UK: Reaction to Court of Appeal judgement on 'M' vs Home Secretary
'This now means that one of the 14 non-UK nationals who have been held without charge or trial, in some cases for over two years, should be released.
'The verdict highlights the very real dangers of legislation that allows the UK government to detain people without charge or trial on the basis of secret 'evidence' that would not stand up in a court of law.
'Internment is a draconian measure which undermines hard-won human rights protections in this country.
'Amnesty International has consistently called for Section 4 of the Anti Terrorism Crime and Security Act to be repealed. It is time that the government listens to the concerns of not only Amnesty International but also the Privy Council and overturns this legislative provision.'
Amnesty International believes that the Anti-terrorism Crime and Security Act 2001 (ATCSA) is discriminatory, with one set of rules for UK nationals and another for nationals of other countries. It effectively allows non-nationals to be treated as if they have been 'charged' with a criminal offence, 'convicted' without a trial and 'sentenced' to an open-ended term of imprisonment.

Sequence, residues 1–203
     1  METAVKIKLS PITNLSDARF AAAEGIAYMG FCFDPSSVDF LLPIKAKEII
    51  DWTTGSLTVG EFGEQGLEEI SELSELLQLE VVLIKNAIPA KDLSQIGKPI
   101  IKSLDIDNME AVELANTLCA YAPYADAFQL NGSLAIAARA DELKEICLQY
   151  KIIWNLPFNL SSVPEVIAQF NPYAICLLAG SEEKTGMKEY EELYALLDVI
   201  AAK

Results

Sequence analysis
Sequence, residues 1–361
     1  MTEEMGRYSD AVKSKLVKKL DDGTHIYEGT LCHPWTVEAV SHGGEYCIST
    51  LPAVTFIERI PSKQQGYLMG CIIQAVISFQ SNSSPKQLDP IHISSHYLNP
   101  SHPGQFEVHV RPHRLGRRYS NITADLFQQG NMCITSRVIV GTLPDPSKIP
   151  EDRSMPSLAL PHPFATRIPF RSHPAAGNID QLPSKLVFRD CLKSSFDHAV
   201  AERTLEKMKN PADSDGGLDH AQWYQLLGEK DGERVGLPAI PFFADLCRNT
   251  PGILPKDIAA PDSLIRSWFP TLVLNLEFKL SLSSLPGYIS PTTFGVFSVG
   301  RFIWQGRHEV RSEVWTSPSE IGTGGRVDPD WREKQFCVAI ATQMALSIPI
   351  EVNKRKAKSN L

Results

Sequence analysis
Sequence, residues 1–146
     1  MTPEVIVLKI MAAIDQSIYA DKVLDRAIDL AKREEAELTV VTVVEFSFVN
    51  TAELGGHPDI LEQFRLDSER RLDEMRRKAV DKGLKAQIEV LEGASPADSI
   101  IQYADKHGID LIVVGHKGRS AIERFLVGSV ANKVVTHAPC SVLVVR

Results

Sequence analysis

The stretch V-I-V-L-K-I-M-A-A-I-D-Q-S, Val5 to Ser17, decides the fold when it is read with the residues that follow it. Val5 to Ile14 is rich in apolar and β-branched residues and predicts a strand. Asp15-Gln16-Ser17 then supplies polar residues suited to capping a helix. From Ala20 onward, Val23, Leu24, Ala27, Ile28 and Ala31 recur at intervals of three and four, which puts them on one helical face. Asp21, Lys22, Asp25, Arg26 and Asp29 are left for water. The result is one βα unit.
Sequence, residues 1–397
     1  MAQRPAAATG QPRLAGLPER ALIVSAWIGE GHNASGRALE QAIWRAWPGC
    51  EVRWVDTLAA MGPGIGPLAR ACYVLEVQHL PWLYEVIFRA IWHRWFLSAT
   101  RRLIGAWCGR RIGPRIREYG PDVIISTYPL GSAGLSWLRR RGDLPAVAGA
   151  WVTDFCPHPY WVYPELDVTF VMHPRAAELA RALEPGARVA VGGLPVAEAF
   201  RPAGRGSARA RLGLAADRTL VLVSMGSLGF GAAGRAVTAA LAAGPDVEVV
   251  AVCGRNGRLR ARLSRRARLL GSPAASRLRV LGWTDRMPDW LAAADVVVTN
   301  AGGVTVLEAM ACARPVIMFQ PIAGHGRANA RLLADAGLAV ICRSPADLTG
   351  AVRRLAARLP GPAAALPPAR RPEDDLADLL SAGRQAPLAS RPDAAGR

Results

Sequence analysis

The UK government has effectively created a shadow criminal justice system for non-UK nationals which fails to meet international standards for a fair trial. The system permits potentially indefinite detention on the basis of secret 'evidence' and allows the use of 'evidence' extracted under torture.
In December 2003, the Committee of Privy Counsellors, who had been charged with reviewing the ATCSA, recommended the urgent repeal of ATCSA powers allowing non-UK nationals to be detained potentially indefinitely.
Amnesty International opposes detention under Part 4 of the ATCSA. It is detention ordered by the executive, without charge or trial, for an unspecified and potentially unlimited period of time, principally on the basis of secret evidence which the people concerned have never heard or seen, and which they were therefore unable to effectively challenge.
The organisation calls on the UK government to release all persons detained under the ATCSA unless they are charged with a recognisably criminal offence and tried by an independent and impartial court in proceedings which meet international standards of fairness.